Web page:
Thursday, 31 March 2016

Quantum Break

Out on Xbox One on April 5th, Quantum Break by Remedy is a game that is so good at each individual aspect that when it changes it, it leaves you wanting more of the same. Imagine you’re sitting there playing the hottest new release and the gameplay has reached its climax. They’ve found your location and have swarmed on you. You’re surrounded. Utilising your unique abilities, you slow time around them, create ripples and domes. Shoot a magazine of bullets into that time and when the dome collapses it causes a massive explosion taking out a couple of enemies. But while that’s happening, you’ve already moved on the next enemy whizzing by their bullets to get behind them and switch to your shotgun. With one pull of the trigger the camera focuses on the last enemy falling in slow motion, and then you take a few steps away and a cut-scene plays. Then, a live-action episode plays for the next twenty-five minutes. It’s jarring and really always leaves you wanting more.


This isn’t a bad thing. In fact, the developers do an incredible job at everything. But due to their taking of chances, it can feel like it gets in its own way. If you’ve played a Remedy game before then you know to expect heavy narrative. Don’t expect 12 hours of running from area to area constantly shooting at ever-stronger enemies. This is a game that cares about pace, it cares about making every encounter feel unique and different to every other one you’ll face throughout your 10 or so hours. 


You play a vast majority of the game as Jack Joyce who’s best friend and brother find a way to create a time-travel device. Things go awry though and the explosion gives both you and your friend Paul Serene powers. It’s not that simple though as the fractures in time are not good and as the game progresses they become more frequent and the inevitability of time stopping altogether is fast approaching. Serene though, knowing that this is coming uses his company Monarch to research a way to move through this permanence. Jack Joyce wants to stop him as well as fix time before its too late.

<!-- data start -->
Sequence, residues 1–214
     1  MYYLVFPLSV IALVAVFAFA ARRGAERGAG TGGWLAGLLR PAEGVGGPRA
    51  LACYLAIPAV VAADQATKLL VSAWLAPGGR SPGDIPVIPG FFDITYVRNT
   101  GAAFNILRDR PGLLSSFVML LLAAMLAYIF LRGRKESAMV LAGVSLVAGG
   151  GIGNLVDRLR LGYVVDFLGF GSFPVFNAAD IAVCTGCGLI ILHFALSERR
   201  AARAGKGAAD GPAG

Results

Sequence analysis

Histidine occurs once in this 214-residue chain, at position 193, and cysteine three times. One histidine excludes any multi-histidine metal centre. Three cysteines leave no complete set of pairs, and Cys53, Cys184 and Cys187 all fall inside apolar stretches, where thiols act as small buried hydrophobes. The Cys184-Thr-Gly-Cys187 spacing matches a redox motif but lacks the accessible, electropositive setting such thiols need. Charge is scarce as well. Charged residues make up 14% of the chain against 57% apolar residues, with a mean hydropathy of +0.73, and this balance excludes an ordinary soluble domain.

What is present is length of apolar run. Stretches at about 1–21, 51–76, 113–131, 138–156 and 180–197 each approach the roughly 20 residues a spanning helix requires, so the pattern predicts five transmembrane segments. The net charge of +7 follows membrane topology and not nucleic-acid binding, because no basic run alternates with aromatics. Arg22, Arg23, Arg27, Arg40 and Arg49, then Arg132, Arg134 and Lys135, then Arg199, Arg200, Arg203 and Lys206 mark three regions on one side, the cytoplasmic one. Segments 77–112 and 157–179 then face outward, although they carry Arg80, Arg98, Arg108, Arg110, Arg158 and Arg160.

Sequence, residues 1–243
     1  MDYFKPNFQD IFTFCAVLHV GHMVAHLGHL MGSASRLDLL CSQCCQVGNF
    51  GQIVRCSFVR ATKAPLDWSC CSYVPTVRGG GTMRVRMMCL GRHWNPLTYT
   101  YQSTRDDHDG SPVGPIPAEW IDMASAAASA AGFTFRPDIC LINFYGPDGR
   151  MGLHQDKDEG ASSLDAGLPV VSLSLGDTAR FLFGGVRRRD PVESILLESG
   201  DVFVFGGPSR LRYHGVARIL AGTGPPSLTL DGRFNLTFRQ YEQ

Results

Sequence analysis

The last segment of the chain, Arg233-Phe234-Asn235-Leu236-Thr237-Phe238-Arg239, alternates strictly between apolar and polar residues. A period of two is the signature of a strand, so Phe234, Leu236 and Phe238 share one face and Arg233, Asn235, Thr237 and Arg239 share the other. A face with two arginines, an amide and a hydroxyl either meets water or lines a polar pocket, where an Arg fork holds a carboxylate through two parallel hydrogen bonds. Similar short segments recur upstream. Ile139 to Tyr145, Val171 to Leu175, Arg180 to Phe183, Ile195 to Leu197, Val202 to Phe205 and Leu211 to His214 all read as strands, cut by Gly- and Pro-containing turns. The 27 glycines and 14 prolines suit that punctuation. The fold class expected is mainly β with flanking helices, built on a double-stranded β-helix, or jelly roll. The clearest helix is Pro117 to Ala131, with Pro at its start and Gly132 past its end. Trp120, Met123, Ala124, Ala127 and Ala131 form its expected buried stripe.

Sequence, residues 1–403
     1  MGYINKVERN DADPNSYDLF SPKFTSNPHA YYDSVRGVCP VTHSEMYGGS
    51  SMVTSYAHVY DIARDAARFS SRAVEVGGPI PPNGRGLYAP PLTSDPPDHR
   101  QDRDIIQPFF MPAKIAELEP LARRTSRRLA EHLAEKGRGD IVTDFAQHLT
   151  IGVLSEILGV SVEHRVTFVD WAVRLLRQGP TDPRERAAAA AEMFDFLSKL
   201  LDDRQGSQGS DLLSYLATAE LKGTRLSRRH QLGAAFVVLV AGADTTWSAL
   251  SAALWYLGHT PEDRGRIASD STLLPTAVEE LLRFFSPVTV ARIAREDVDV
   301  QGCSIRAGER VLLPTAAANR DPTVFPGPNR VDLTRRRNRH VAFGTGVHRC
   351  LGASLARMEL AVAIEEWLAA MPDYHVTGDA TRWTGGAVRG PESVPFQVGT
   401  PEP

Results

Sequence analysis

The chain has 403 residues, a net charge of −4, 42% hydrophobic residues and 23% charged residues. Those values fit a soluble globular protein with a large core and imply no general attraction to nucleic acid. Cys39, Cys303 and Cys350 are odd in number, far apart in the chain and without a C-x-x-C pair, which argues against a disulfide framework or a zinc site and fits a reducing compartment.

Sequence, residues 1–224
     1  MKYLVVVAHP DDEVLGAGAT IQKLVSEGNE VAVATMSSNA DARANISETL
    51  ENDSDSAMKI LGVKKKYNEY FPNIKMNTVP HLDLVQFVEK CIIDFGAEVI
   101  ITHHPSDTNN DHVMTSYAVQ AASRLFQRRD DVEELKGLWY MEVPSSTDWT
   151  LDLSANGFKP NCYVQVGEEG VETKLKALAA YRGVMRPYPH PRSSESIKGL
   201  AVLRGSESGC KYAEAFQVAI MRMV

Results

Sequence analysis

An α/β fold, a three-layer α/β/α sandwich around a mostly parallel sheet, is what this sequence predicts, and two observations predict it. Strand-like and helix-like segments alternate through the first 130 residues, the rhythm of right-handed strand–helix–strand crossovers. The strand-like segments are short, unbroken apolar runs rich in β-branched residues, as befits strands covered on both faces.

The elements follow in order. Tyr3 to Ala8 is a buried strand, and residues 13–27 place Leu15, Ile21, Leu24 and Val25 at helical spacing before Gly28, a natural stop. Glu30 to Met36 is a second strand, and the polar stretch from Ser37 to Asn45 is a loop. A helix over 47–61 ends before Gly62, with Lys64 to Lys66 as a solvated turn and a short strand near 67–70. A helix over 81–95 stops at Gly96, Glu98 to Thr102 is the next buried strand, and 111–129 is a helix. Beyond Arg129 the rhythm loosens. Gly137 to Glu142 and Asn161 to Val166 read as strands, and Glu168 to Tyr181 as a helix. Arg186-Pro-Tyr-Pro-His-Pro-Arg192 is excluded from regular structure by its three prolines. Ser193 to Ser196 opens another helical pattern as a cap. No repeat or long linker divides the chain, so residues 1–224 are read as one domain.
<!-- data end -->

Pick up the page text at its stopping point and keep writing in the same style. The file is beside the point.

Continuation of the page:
It’s a complicated story that is given its time to be explained by moments of exploration while the story unfolds, introducing cut-scenes as well as live-action episodes at the end of each act. There are four episodes in all that will take just over an hour. While this may feel like it gets in the way, they are incredibly well produced, feeling not out of place in a prime-time slot on American TV. Acting is impressive from an impressive cast and while the plot can feel a bit hokey, it’s all written and delivered will enough to ever air on embarrassing. They can be skipped of course and even though the live-action is centred on secondary characters, it helps reinforce the surrounding subplots and scenarios without forcing them into the game itself.

The game is heavily focused on the story and this means you won’t spend a huge amount of time shooting and utilising your powers. This is the game's biggest downfall due to the simple fact that they don't give you more of it all. I would have loved a wave based system or challenge maps where you could play the game as intended or with mutators. Once the game ends all you can do is replay the game on a different difficulty mode and make different choices.


Nobody does experiments like Remedy and Quantum Break was their biggest risk yet and there just isn't as enough game here to call it a masterpiece and the fact that it is a game is disappointing. Still, every moment is awesome.

Not too much live-action but not enough game 3/5.

★★★☆☆

Martin Bargo 



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